Why not use it?
This is an optional feature on Backblaze. Why would you choose not to activate it?
“It is important to weigh the added security of two-factor verification against the possibility that you will not have the second device with you when you require access to your Backblaze account,” says an email from the company. Some users may not consider what they’ve got stored with Backblaze to be the kind of data that needs extra layers of protection. Others may not want the hassle of an additional layer of security.
But think carefully–Backblaze backs up ALL the files you tell it to. You may have personal and financial data in at least some documents: bank account or credit card numbers, digitized birth certificates or Social Security cards.
Consider what works best for you! Our best recommendation is to HAVE a computer back-up service in place. We chose Backblaze because of its reputation, the quality and security of its service and its very reasonable price. Click here to learn more about Backblaze and why we selected them as a sponsor of our free Genealogy Gems Podcast.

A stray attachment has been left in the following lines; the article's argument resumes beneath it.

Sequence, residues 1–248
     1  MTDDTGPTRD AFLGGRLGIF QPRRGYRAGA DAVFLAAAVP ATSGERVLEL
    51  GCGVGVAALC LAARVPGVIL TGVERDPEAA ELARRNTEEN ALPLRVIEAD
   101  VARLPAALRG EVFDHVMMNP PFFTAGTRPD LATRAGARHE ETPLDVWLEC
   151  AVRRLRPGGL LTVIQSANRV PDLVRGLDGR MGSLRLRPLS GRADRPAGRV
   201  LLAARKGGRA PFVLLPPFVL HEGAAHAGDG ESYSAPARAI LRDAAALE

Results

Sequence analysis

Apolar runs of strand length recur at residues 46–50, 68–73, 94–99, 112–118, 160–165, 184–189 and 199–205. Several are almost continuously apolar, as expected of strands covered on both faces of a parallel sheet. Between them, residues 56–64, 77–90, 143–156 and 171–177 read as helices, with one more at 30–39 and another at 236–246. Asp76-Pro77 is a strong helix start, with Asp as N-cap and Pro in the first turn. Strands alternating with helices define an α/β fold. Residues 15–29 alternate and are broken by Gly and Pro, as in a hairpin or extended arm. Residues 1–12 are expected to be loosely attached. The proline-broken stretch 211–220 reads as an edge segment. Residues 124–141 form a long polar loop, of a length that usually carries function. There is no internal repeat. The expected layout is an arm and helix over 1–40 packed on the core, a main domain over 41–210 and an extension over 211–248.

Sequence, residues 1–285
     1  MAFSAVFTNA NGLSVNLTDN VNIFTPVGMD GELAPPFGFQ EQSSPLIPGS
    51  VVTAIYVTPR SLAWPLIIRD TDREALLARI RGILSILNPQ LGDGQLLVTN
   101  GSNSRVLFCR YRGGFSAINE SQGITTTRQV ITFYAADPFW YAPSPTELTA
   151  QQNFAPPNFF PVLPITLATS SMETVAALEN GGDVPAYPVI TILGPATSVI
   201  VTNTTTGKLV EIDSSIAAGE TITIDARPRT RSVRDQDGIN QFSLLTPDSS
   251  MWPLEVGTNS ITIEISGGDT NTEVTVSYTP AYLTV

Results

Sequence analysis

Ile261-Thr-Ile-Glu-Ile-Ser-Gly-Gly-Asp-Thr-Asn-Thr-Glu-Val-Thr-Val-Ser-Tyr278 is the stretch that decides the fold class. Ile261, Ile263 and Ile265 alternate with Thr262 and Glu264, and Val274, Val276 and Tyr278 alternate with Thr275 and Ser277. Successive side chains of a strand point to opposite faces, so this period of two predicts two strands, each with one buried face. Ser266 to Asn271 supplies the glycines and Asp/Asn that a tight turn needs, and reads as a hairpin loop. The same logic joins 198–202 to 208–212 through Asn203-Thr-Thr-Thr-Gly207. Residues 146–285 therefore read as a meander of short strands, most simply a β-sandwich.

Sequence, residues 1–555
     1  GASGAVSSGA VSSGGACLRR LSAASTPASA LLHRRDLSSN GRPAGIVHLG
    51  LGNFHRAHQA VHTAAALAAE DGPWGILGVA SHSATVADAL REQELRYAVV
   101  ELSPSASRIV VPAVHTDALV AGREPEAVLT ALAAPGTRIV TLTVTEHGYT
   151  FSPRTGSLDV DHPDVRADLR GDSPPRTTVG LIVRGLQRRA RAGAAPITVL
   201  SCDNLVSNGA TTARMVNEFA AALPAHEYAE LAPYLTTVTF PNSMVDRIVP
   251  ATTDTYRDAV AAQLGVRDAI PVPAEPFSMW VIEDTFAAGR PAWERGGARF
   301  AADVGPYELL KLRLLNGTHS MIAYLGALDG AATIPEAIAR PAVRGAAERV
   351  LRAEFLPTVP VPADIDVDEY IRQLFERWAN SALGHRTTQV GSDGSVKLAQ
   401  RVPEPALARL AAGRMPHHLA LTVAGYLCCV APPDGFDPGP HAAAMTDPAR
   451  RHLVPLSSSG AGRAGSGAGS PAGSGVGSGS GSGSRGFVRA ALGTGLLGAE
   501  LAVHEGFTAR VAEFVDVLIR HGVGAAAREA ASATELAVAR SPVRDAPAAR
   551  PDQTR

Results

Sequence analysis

MSN recently reported the surfacing of perhaps the oldest known message in a bottle. If YOU sent one, what would it say? Warning: craft idea ahead!
British scientist George Parker Bidder set afloat a flotilla of 1,000 bottles in 1906. According to MSN, the vessels were “designed to float above the sea floor in attempts to study ocean currents. All of the bottles contained a postcard that listed instructions in English, German and Dutch to return the note to the Marine Biological Association in Plymouth, England, in exchange for a shilling. When most of the bottles–not all–were found a few months later, Bidder was able to confirm his theory that the deep sea current flowed west in the North Sea, a body of water that borders Great Britain, Scandinavia, the Netherlands, Belgium and France.”